New BMW M440i Convertible 2021 review
The switch to a fabric roof hasn’t dented the BMW M440i Convertible’s versatility
While this open-top M440i Convertible can’t match its Coupé sibling’s driving dynamics, it’s still a deeply appealing prospect that’s more involving than pretty much any other four-seat convertible at this price. Few other cabriolets manage to deliver such a strong mix of performance, handling and long-distance comfort – and in the BMW’s case it’s combined with impressive tech, too. We’ll leave the verdict on its styling up to you.
BMW has bolstered its open-top range with the new 4 Series Convertible. While most buyers choose a drop-top to enjoy open-air motoring, the most significant change to this G23 generation comes when the inevitable UK weather hits.
That’s because this new version has ditched the old car’s folding hard-top and replaced it with a fabric item. BMW argues that the complexity and packaging issues that came with that old roof are no longer worth it when a canvas top can keep the peace in the cabin just as effectively – even at speed.
The switch is a logical one because it brings plenty of benefits. For a start, the soft top is 40 per cent lighter, and perhaps more importantly it’s easier to fold away. The process takes 18 seconds, and can be done on the move at up to 31mph.
Car group tests
- BMW M4 CSL vs Porsche 718 Cayman GT4 RS: 2022 twin test review
- BMW M4 Convertible vs Porsche 911 Cabriolet: 2022 twin test review
As a result, the latest 4 Series Convertible is more practical than ever. While boot space with the roof up has increased by a modest 15 litres (now 385 litres) over the old car, the significant improvement comes when it’s folded; the new model offers 300 litres, 80 more than before.
The cabin design is identical to the 4 Series Coupé’s, with the same fantastic infotainment, flawless build quality and sporty driving position. The seats gain ventilated head rests that can blow warming air on your neck on a cold roof-down outing. But it’s more cramped in the two back seats; the back rest is more upright and shoulder room is down compared with the Coupé.
Under the bonnet, the 4 Series is offered with two diesel and three petrol engines. Both diesel options each get an 11bhp mild-hybrid boost; there’s a 187bhp 420d and a 430d with 282bhp and a hefty 650Nm of torque. The petrol side of the family includes 420i and 430i models, with 181bhp and 242bhp respectively.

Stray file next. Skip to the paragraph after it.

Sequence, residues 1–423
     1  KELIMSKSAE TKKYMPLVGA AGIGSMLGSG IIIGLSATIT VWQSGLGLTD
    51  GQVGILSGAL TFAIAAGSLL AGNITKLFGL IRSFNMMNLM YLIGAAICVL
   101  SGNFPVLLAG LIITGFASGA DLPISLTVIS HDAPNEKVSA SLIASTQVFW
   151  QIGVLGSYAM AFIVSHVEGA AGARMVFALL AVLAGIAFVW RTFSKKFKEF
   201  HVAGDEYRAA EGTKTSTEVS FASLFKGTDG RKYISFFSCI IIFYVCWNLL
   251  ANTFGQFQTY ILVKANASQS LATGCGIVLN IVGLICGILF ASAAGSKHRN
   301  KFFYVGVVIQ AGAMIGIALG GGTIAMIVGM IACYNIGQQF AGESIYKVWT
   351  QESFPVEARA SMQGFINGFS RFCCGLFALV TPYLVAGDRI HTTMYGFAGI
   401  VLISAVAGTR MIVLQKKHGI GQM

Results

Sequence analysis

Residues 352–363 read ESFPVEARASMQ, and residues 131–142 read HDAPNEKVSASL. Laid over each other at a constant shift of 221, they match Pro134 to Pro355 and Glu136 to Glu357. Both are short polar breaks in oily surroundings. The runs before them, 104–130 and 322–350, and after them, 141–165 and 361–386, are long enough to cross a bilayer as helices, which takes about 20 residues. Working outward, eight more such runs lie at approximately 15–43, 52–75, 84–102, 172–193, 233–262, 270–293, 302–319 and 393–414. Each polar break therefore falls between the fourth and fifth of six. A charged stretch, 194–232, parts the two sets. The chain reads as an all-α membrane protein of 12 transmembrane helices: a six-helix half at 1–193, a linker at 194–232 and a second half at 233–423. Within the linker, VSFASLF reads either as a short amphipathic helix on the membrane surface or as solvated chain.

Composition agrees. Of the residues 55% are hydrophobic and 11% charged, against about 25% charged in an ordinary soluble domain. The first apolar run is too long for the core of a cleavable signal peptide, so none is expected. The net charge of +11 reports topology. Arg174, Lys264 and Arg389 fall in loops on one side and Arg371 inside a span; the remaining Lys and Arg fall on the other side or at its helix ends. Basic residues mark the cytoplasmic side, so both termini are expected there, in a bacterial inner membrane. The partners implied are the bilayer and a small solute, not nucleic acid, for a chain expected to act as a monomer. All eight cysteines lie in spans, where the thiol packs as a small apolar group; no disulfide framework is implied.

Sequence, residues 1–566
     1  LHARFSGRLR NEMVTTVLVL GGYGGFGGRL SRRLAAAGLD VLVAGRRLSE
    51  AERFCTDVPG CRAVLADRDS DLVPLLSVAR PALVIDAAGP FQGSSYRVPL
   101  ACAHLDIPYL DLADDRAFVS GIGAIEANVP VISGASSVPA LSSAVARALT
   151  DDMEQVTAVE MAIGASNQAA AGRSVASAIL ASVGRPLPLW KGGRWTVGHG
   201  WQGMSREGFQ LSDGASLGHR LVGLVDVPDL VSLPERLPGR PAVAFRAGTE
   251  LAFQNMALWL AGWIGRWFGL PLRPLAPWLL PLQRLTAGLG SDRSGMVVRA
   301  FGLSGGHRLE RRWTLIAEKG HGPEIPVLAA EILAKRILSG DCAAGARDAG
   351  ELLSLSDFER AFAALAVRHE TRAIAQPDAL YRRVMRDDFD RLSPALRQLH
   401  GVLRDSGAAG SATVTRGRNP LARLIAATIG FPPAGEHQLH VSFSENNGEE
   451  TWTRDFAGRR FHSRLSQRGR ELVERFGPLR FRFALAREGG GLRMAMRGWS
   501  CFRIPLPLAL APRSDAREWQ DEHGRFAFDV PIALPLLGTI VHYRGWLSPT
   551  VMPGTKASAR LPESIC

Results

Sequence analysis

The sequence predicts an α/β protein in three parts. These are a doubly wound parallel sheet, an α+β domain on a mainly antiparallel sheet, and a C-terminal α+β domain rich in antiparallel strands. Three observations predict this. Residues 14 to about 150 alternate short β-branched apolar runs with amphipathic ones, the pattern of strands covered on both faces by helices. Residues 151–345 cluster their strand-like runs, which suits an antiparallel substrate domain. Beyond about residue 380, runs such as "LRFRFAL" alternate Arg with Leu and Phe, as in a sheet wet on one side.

The 4 Series Convertible will soon be available in hot M4 form, but until then, this M440i is as potent as it gets. It produces numbers that wouldn’t have felt out of place for an M4 a couple of generations back; the 3.0-litre turbo straight-six engine makes 369bhp and 500Nm. Like the diesels, it uses mild-hybrid tech to boost fuel efficiency, but there’s also four-wheel drive as standard.
Despite that slicker roof, there’s still a significant weight gain for the open-top model. While the M440i coupé weighs 1,740kg, the convertible adds 150kg. No surprise, then, to discover that the extra mass blunts performance, too. Not that the M440i is a slouch – 0-62mph takes 0.4 seconds longer than in the coupé, but a time of 4.9 seconds is still rapid.
It’s a fantastic engine: strong, smooth and – now with the benefit of less material separating the driver from the exhaust – more tuneful than ever. It’s paired with a slick eight-speed automatic gearbox that works faultlessly when left to its own devices, and responds quickly using the steering wheel paddles.
You can feel that extra mass in corners, mind. Compared with the lighter 4 Series Coupé, the M440i Cabriolet doesn’t have the same delicate balance. What it does have is unflappable traction, great turn-in and solid body control. It’s still better to drive than any other four-seat cabrio on the market for similar money.
Despite this, it also remains a great long-distance cruiser. A controlled high-speed ride combines with great stability and that torquey engine to make for a very relaxing companion. The fabric roof does a great job of isolating road and wind noise and, with the roof down, buffeting in the front is minimal – especially with the wind deflector up.
The Convertible costs a little over five grand more than the Coupé, so there is a sizable jump to get the open-air. The range-topping M440i costs £59,670, so it undercuts its closest rival, the Mercedes-AMG C 43 Cabriolet, which starts from £61,455. The Mercedes does have 16bhp more and is 0.1 seconds quicker from 0-62mph, but it isn’t quite as engaging to drive or any more refined.
|Model:||BMW M440i Convertible|
|Engine:||3.0-litre 6cyl turbo petrol|
|Transmission:||Eight-speed automatic, four-wheel drive|